The world is in the early stages of a new experiment to help support the economy: helicopter money. There is growing chatter about a ‘basic income’ provided to all US citizens. While throwing money at the general population might be politically and economically desirable at the moment, the long-term consequences are very challenging.
Given the poor history of reversing stimulus, it can reasonably be assumed that any form of helicopter money might never end. Which elected official will be the one to tell the voting public he’s taking away their monthly allowance? That doesn’t sound like a ticket to the White House.
This means that, once current deflationary pressures end, the dependence on government handouts might not. Free money directly into the hands of Americans might create the inflation that central banks never could, because the middle man (i.e. banking system) is removed. Helicopter money is a direct infusion of money into the economy. This has inflationary implications, which is beneficial for real assets like silver.
Helicopter money isn’t the only potential inflationary force faced by America. Prior to the COVID-19 coronavirus tragedy, America and China were in the midst of a trade war.
Simply put, one superpower was trying to prevent the rise of another. Like it or not, life is a competition for resources. Consequently, it’s a competition for power and control. Despite effectively making China what it is today, current American policy is looking to contain that growth. The coronavirus amplified that policy, as it underscored the risks involved with relying on China in the supply chain.
It won’t be overnight, but the world is starting to reverse a trend that began decades ago. Previously, American companies offshored and outsourced production to China because it was far cheaper. The ‘Walmartization’ of corporate America meant that US consumers got cheap clothes, TVs, and other stuff off the back of low-wage Chinese labor.
While we may never transition to purely insular America-first production chains, de-globalization will become a long-term trend. This means a return to more expensive American production and higher prices for consumer goods. In other words: inflation.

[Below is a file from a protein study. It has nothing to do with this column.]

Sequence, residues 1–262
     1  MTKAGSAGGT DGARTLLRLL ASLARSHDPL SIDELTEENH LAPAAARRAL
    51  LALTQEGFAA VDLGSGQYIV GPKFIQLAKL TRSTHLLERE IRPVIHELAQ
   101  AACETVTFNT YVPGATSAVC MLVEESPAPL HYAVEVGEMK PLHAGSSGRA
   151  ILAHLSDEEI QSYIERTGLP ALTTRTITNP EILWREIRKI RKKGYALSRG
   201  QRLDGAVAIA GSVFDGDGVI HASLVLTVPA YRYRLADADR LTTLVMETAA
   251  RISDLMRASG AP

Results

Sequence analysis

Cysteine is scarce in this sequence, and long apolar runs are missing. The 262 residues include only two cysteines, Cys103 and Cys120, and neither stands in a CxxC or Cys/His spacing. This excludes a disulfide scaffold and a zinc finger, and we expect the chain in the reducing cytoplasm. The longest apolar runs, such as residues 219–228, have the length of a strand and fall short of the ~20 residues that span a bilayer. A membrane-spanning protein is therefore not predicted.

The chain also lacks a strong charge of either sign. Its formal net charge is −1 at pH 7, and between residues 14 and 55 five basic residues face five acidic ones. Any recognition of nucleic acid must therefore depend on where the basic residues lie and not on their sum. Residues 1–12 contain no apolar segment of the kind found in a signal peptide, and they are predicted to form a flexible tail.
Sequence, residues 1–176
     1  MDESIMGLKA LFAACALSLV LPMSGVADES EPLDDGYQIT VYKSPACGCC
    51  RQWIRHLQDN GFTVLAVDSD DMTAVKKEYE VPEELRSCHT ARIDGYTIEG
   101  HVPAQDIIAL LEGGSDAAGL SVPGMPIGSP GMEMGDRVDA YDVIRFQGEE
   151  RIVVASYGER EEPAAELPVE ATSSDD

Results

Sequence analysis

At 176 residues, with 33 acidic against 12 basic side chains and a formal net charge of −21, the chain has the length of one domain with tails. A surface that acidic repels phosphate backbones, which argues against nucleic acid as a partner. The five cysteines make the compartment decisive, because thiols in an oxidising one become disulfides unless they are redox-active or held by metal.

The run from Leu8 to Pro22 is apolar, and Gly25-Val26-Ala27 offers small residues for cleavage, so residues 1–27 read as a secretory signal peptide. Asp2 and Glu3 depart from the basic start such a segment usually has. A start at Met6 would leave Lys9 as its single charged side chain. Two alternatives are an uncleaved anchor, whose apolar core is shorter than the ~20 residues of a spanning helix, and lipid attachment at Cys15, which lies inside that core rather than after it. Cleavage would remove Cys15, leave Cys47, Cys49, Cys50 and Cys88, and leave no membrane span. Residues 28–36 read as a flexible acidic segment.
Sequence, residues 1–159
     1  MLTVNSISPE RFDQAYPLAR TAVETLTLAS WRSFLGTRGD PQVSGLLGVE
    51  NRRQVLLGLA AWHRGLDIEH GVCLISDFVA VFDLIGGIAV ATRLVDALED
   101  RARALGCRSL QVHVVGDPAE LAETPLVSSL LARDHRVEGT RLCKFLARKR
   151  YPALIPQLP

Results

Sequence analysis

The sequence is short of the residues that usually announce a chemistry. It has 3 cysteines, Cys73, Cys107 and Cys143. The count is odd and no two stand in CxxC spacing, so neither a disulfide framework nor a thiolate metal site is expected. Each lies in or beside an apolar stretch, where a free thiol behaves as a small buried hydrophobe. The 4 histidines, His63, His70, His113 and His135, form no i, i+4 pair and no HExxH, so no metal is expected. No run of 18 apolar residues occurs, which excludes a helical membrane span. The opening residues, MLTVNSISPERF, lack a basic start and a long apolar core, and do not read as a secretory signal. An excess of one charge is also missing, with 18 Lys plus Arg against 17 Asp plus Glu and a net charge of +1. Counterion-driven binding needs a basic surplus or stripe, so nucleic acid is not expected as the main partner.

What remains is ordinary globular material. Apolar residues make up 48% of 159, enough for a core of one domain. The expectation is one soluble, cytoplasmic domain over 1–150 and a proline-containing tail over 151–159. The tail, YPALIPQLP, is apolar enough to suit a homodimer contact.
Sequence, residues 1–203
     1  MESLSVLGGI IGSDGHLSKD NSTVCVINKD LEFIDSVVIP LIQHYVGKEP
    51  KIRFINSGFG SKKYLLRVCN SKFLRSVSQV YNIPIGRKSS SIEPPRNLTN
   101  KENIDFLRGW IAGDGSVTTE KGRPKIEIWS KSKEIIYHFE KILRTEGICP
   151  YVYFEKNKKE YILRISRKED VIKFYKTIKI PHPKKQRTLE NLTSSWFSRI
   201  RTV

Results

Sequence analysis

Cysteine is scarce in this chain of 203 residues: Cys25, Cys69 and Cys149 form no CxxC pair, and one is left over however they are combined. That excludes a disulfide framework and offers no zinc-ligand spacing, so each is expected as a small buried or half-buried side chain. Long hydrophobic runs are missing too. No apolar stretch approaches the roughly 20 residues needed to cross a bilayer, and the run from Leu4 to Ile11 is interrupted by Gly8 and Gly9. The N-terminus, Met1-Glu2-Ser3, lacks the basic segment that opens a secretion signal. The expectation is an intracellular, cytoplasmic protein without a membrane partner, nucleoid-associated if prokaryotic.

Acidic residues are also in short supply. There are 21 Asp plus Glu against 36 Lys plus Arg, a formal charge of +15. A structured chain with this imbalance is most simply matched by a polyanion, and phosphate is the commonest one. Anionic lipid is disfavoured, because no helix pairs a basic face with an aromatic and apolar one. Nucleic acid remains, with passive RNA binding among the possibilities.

3. The Gold-to-Silver Ratio
Between 1687 and 2019, the gold-to-silver ratio has ranged from 14.14 to 99.76 (see chart below). Over this period, the average gold-to-silver ratio was 28.19.
On May 15, 2020 (not shown in chart below), the gold-to-silver ratio was 102.84!
Data source: DumbWealth.com, Measuring Worth
While it’s impossible to say that any ratio is ‘correct’, history does serve as a guide for what’s normal. Based on the simple historical average, the price of silver should be about $62 per ounce.
Another reference point for determining the relative value of something is how much of it exists.
For every kilogram of Earth’s crust, there is 0.075mg of silver and 0.004mg of gold (Abundance of Elements in the Earth’s Crust and in the Sea, CRC Handbook of Chemistry and Physics, 97th edition (2016-2017), p. 14-17). This implies there is 18.75 times more silver on the planet than gold.
While this figure doesn’t consider mining costs, demand, or usage, the ratio is remarkably similar to the long-term average gold-to-silver ratio, both of which are vastly different from the current ratio. Directionally, this provides a bullish impetus to silver vis-a-vis gold.
While gold is more of a pure play on distrust in central banking, silver is its underrated, more rambunctious cousin.
Valuing precious metals is more of an art than science. One must rely on a variety of indicators and relationships to get a sense of where the metal is headed.
With massive monetary expansion, potential for inflation and silver’s historical relationship to gold, I believe the upside for silver could be fantastic and is worth consideration.
Given its recent underperformance relative to gold, now might be silver’s time.